Module 6: Improving the Built Environment

Common pitfalls of interventions that address rapid urbanization tend to relate to disease-focused solutions that do not take into account the built environment and infrastructure.  In fact, the physical environment can play a large role in reducing disease prevalence, mainly in the realm of sanitation.(1) One of the first steps in improving the quality of household sanitation is the construction of adequate housing. Inadequate living conditions often correlate with poverty and illness. Several suggestions have been discussed by the United Nations and the World Health Organization to upgrade living conditions through housing improvements:(2)

Improving and redesigning city conditions and layouts sounds effective in theory, but it is not truly a beneficial solution if it is not culturally appropriate and respectful of human rights. In many slums, for instance, shelters are so overcrowded that it is often difficult to install electricity or water pipes without tearing up the structure of the building.  Additionally, many people living in slums do not want to relocate, even when promised better housing; for many individuals, residence and community central to personal identity.(3) In these situations, questions of human rights are particularly important. Even if relocation will improve health, it cannot and should not be forced upon residents. In the case of informal encampments, interdiction efforts are often seen as protecting the health and safety of the camp residents. However, these actions can push people further into isolation, as the homeless have nowhere to go but to similar encampments, or other areas with more hazardous conditions. Solutions to these issues include creative outreach strategies based on individual cases. Such strategies should help encourage residents of camps to find and choose housing that will improve their health, rather than forcing change upon them. This is a more effective long-term approach, as it encourages self-sufficiency, and emphasizes the importance of stable housing. These efforts are more likely to be well-received when presented to residents as an option, rather than a requirement.(4) 

Strategic Sanitation and Water Innovations

Sanitation and water services involve complex planning in order to prevent major health issues.  Improving sanitation facilities involves ensuring that people do not come into contact with human waste; prevention of such contact reduces the spread of disease by protecting water, air, soil, and food from contamination. Effective sanitary facilities include “septic tanks, pit latrines with a platform or slab, and composting toilets.”(5) Sanitation system improvements require large financial investments from governments, and a great deal of community cooperation. These improvements aim to increase prevention of epidemics and widespread illness. For instance, the city of Santiago, Chile invested in major sewer system improvements in order to decrease typhoid fever incidence and maintain their export market, as other countries would not import goods from Chile during an epidemic. Because 95% of the city had sewerage coverage by the time that cholera hit nearby Peru, Santiago escaped the epidemic and saved itself from a health disaster and from debilitating financial losses.(6)

In his report for the UNDP-World Bank Water and Sanitation Program, Albert Wright outlines new features of what he terms “strategic sanitation.” This model is unique in that it is demand-based and incentive-driven. In the past, supply-driven projects have been problematic because they could not meet the challenges that accompany rapid urbanization, population growth, and industry development. In a demand-based model, potential users can contribute their resources to help manage and finance sanitation systems in effective and appropriate ways.(7)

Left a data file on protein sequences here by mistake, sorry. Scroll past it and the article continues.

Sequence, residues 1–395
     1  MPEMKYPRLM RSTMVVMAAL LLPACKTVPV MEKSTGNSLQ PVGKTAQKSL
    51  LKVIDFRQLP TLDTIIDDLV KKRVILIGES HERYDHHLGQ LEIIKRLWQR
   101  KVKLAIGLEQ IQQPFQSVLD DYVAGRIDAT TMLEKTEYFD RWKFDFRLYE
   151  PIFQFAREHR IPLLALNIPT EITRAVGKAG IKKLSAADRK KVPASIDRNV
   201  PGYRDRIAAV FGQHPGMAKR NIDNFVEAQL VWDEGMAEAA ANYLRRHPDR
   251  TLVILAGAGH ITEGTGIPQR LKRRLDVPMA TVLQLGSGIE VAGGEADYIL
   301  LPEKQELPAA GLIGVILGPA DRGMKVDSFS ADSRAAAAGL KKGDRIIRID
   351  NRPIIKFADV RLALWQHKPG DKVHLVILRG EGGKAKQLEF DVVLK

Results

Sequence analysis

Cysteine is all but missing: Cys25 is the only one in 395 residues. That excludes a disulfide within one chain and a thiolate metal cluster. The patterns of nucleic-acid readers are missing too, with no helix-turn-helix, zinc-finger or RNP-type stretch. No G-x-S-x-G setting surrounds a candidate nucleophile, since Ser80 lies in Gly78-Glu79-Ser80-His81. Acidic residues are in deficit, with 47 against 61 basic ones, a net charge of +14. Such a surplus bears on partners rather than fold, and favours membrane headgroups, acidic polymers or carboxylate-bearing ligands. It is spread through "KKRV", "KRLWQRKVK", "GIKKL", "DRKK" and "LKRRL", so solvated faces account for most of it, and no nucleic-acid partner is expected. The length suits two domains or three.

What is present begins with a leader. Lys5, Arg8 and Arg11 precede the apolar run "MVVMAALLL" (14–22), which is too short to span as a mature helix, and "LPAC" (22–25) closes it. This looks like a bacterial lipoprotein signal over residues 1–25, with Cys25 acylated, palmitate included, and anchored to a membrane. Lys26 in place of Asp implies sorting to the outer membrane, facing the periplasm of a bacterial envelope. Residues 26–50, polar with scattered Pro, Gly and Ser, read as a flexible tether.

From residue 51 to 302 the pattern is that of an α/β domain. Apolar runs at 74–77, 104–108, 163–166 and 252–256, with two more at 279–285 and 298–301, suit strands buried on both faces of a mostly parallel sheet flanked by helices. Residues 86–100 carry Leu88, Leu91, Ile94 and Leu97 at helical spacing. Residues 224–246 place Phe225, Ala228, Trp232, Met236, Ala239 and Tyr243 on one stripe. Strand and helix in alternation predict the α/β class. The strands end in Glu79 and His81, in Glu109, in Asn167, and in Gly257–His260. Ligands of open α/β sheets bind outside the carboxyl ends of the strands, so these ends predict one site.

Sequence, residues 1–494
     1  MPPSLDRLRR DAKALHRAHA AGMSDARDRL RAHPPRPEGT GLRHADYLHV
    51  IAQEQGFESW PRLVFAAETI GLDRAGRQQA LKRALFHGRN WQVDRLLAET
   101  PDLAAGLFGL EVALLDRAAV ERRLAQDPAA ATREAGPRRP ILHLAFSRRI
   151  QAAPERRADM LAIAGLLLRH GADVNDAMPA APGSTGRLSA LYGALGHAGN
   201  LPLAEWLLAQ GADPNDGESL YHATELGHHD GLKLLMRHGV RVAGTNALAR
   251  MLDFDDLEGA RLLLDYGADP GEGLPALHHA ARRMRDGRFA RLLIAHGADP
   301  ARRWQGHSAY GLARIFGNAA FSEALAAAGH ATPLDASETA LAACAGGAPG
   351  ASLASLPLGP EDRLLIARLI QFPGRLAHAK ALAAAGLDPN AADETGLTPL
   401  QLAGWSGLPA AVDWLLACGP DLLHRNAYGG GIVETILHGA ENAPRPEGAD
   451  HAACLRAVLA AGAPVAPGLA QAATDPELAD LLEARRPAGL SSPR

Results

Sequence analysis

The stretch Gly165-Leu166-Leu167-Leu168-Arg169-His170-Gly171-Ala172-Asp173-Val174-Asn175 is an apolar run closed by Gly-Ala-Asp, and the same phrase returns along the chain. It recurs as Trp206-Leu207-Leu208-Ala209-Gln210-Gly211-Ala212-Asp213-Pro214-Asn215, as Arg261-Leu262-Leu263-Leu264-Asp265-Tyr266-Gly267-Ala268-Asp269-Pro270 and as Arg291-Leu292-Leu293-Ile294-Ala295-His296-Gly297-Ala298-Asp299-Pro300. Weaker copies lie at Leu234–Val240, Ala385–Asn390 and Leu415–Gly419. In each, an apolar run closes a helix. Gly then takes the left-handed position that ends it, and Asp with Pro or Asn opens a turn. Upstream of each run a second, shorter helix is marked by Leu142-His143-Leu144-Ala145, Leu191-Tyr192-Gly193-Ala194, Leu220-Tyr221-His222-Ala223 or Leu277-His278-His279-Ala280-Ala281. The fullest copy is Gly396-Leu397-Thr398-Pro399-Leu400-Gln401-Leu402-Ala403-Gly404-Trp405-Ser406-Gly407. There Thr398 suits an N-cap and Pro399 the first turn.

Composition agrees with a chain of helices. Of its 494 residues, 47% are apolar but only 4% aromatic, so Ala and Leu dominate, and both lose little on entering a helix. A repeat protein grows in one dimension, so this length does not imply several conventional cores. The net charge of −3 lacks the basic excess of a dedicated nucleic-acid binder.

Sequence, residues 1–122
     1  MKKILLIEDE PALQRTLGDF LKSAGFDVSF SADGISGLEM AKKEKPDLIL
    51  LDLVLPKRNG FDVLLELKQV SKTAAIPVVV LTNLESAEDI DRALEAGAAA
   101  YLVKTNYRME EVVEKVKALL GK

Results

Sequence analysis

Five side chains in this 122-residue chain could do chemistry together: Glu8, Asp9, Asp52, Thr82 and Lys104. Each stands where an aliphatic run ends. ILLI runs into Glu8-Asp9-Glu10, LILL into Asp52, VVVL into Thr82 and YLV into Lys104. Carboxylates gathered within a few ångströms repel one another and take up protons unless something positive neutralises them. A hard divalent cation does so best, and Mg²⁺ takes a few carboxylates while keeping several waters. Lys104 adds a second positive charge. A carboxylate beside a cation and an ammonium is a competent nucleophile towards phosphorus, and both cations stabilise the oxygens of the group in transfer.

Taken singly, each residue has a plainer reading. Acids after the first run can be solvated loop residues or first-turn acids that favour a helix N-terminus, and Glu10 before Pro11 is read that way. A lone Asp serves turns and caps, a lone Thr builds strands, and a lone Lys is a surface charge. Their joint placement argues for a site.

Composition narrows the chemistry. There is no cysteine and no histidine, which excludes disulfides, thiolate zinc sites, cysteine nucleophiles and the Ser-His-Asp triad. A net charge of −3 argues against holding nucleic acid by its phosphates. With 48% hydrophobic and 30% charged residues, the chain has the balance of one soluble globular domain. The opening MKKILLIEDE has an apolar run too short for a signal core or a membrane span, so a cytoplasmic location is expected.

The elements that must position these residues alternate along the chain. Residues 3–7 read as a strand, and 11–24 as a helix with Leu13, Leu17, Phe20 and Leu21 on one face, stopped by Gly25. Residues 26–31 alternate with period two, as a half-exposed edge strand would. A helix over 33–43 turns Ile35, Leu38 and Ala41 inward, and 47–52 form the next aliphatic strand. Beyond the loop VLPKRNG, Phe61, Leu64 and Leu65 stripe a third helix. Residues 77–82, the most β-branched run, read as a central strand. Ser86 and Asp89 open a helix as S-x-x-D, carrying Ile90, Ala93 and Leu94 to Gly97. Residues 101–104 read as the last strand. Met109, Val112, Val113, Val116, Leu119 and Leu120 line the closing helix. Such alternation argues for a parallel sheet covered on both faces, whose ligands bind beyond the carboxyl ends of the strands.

Case Study: Strategic Sanitation in Ghana

The Kumasi Sanitation Project in Ghana applied an effective strategy to improve urban sanitation in a city where three quarters of the 770,000 residents lacked adequate sanitation services. The project, in collaboration with the regional UNDP-World Bank Water and Sanitation Program office and the Kumasi Metropolitan Assembly, implemented a demand-driven intervention to improve sanitation services in the area. The approach was tailored to meet the needs of the region, and included strategies that were appropriate for each type of housing structure in the area. The program also took into account user preferences and willingness to pay, and used a short planning model of ten to fifteen years to emphasize immediate action, thereby breaking down the plan into smaller segments that could be implemented separately. This step-by-step approach avoids the risks associated with scaling up programs too quickly. In this model, there is time for changes to be incorporated, if a particular step does not produce the intended outcome.

Project managers for this program were able to measure demand through a system of surveys, which demonstrated that most households in Kumasi agreed to pay for improved services. Interestingly, the poorest people were often the most willing to pay for improved services, as they were the primary users of public latrines, and consequently paid more for sanitation on a daily basis than those with private household systems. The most efficient use of revenue and subsidies was the installation of KVIPs (Kumasi Ventilated Improved Pit latrines) in homes, schools, and other public areas, as well as creating sewers in tenements. Public latrines are now under private sector management, and sanitation systems are more available for poorer urban populations.(8)

Case Study: Latrine-Emptying in Nairobi

As Africa's second largest slum, Kibera houses about 700,000 people with a population density of almost 50,000 individuals per square kilometer.(9) With the help of the Kenyan Water for Health Organization (KWAHO) in 1991, impoverished residents established a latrine-emptying service that users were willing to pay for in advance. Participating residents built ventilated pit latrines and obtained support from the Norwegian Agency for Development Cooperation, which provided a special truck to maneuver through the narrow streets of the slum, and empty pit latrines on a regular basis. A team of thirteen community members oversaw the project and successfully implemented a demand-based sanitation system. In the first half of 1991, over 6,000 households paid US $9 for the latrine-emptying service.(10)

Case Study: Improving Sanitation in North Jakarta, Indonesia